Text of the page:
How quickly can your fretting hand switch from one chord to another? The speed and confidence you have in making chord changes will be key to further mastering the guitar and successfully playing and creating music for the instrument.

The key to learning any instrument, like most intricate human activity, is to develop brain and muscle coordination, more commonly called, muscle memory needed to play the instrument. If you picture a basketball player, for instance, the key to a good shooting performance is the proper hand-to-eye coordination in order to bring the ball up, prepare, aim, and throw it towards the hoop. The different muscles of the arms, wrist and hands will learn the right movements and strength needed to score. Constant practice will condition the brain, eyes, and entire body to know the routine of shooting the ball.

This is similar to guitar playing. The muscles involved would be the arms, wrists and the fingers, with the eyes, ears and brain working in unison to relate the movements to the music being read and the notes produced by the guitar. This is the mechanism that works when a guitar player starts to change chords.

Luckily, there are simple techniques that can help the beginning guitar player to develop these muscle memories and ear training for proper chord changes. Read below and you will see that chord changes are not that difficult to do.

When changing chords, first memorize all the chords involved in the song, and then visualize exactly which fingers of the fretting hand are involved in playing the chords. When playing simple barre chords, the most important finger is the index finger, which will squeeze all 6 strings across the fretboard. So as you move towards playing the chord, you have to position the index finger across the proper fret, or place, along the fretboard before positioning the other fingers of the chord. When playing a broken or simple chord, it is usually the index finger that is the most important finger. Primarily, the index finger and the thumb will form a stable anchor on the guitar neck in order for the other fingers to press the other strings of the chord. The index finger is usually played on the lowest fret and the highest string (by pitch, or string 1), where it could more easily find the proper note, and the other fingers can follow to complete the chord.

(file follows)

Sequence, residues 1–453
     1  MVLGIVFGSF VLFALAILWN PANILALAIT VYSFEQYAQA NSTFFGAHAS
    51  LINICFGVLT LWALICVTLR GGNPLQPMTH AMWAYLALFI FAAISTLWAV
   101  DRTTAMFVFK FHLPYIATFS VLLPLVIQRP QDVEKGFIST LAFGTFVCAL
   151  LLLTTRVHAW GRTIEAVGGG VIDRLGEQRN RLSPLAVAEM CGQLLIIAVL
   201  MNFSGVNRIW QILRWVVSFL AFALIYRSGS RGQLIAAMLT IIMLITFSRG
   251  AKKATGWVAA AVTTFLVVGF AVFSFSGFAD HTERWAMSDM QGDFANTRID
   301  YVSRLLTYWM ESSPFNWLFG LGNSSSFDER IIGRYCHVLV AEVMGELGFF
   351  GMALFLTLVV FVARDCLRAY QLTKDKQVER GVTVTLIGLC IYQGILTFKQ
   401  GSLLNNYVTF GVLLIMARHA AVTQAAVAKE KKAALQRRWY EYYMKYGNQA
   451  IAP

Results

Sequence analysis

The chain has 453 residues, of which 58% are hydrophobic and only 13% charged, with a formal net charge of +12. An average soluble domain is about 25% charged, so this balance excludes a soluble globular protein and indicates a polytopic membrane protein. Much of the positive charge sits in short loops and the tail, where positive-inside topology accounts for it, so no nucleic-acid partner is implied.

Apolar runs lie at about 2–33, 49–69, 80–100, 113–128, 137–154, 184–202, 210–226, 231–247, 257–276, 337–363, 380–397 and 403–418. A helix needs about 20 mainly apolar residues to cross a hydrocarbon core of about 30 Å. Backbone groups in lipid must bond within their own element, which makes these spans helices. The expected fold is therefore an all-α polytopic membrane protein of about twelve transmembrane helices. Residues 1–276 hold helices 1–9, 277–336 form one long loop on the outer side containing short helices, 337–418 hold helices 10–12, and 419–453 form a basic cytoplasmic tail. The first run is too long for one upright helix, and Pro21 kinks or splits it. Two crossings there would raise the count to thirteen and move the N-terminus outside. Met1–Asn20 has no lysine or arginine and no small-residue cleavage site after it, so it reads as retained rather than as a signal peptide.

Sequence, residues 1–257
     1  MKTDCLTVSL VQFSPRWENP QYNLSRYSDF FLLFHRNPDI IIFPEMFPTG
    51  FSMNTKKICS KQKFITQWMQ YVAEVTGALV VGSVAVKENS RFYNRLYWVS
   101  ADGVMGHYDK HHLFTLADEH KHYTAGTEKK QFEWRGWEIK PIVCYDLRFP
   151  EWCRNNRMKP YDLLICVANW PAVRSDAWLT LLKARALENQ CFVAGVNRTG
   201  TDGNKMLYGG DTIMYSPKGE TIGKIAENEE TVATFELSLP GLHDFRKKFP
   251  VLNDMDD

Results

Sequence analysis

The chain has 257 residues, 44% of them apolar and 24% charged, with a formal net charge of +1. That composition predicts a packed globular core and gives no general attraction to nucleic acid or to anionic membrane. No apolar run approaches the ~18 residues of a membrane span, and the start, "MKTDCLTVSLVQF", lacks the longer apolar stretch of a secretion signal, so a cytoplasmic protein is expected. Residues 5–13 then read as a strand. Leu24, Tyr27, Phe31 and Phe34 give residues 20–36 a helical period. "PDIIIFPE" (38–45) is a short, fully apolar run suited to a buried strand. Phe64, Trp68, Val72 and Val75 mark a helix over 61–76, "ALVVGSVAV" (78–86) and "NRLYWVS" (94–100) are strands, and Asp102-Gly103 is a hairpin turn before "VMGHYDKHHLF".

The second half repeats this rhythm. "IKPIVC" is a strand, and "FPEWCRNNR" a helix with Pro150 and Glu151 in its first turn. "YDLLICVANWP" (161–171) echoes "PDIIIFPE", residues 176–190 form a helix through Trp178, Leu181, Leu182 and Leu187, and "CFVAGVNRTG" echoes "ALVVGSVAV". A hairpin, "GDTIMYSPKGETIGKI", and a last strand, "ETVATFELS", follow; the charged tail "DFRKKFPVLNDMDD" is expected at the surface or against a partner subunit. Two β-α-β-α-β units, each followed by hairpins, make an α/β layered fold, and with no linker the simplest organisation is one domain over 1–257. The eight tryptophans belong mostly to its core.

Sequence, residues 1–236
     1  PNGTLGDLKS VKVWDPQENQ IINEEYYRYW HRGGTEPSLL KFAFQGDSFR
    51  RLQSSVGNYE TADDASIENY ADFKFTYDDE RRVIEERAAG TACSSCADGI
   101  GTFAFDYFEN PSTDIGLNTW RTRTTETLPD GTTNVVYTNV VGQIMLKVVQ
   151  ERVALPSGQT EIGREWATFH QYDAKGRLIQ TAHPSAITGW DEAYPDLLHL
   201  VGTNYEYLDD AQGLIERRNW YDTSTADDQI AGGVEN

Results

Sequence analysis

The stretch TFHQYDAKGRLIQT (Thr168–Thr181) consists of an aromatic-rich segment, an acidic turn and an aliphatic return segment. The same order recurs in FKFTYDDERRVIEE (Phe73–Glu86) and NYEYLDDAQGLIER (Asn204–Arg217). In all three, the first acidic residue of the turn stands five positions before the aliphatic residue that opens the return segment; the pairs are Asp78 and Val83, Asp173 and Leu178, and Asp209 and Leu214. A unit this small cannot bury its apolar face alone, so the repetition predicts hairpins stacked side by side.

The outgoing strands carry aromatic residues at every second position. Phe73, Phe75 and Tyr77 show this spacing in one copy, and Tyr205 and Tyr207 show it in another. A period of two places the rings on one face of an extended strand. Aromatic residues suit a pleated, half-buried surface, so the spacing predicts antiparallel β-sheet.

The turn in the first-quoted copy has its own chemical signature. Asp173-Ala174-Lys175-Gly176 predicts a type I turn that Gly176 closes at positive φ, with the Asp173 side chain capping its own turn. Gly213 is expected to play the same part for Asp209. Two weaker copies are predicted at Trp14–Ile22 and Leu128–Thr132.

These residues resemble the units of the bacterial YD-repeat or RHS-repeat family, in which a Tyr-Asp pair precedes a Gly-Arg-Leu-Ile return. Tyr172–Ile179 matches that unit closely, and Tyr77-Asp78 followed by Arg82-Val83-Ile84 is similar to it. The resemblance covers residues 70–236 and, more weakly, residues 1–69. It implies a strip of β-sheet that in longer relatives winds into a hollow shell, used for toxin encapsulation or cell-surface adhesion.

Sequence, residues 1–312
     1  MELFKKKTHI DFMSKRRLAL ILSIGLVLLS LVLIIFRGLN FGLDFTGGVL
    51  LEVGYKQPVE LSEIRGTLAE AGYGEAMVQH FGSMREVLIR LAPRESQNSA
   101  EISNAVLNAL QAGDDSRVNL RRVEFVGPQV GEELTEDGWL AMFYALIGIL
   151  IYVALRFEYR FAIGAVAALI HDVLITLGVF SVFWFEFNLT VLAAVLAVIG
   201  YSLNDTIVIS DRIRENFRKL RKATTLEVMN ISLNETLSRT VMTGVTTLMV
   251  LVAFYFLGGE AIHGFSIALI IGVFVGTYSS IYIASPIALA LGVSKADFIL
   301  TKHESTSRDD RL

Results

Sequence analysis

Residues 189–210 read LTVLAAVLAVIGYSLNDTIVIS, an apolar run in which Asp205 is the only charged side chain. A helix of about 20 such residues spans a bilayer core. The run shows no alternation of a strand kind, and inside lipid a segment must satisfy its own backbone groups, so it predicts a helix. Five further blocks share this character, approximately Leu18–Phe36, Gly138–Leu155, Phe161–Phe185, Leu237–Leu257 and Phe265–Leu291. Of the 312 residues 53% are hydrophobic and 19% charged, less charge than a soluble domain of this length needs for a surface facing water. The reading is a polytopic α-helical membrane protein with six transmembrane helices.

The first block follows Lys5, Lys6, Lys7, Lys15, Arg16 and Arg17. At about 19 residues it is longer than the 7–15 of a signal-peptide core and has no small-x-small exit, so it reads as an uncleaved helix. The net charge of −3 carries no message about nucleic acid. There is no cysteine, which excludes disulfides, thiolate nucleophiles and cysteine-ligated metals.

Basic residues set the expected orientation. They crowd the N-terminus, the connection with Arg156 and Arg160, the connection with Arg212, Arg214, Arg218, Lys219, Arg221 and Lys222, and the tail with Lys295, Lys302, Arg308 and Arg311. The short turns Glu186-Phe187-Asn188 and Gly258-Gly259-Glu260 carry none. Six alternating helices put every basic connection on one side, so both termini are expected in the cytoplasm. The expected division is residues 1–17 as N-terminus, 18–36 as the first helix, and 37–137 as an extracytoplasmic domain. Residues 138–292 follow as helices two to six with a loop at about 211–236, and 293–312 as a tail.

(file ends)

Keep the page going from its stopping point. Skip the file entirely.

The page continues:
When playing a particular song, keep time with the music, but anticipate in which bar and on which beat the next chord will continue. For beginners, it would be preferable to practice the entire song slowly from beginning to end, taking care to change to each chord on time and on tempo. When the student can play the entire song like this without chord errors, he can start increasing the speed to the song’s proper tempo. It would also be helpful to identify particularly tricky chord changes. For instance, 2 consecutive bar graphs would be a relatively simple change, because the guitar player needs only to slide his index finger (which is already in the barre position) to its proper position on the fretboard and quickly press in the other strings of the chord. Changes from simple chords to barre chords – and vice versa – and chords that are positioned at a far distance from each other along the length of the neck are more difficult to perform. Isolate these difficult changes and practice those chord changes. If it is still to difficult with the slow tempo, don’t play the last beat of the last chord and use the time to move your fret hand into position for the next fret. Keep practicing these changes until the short passage can be played without error. Afterwards, go back to playing the entire song as discussed above. When you can play an entire song properly, try different strumming styles to accentuate parts of the song, or a particular beat; or alternate strumming and light plucking to give volume and variety to the music of the song. First, it is best to complete the song by actually copying how the original artist played it on the guitar; then you can add your own twists and extra technique according to your ear and taste. This will help you develop your hands for more difficult chords and finger playing techniques.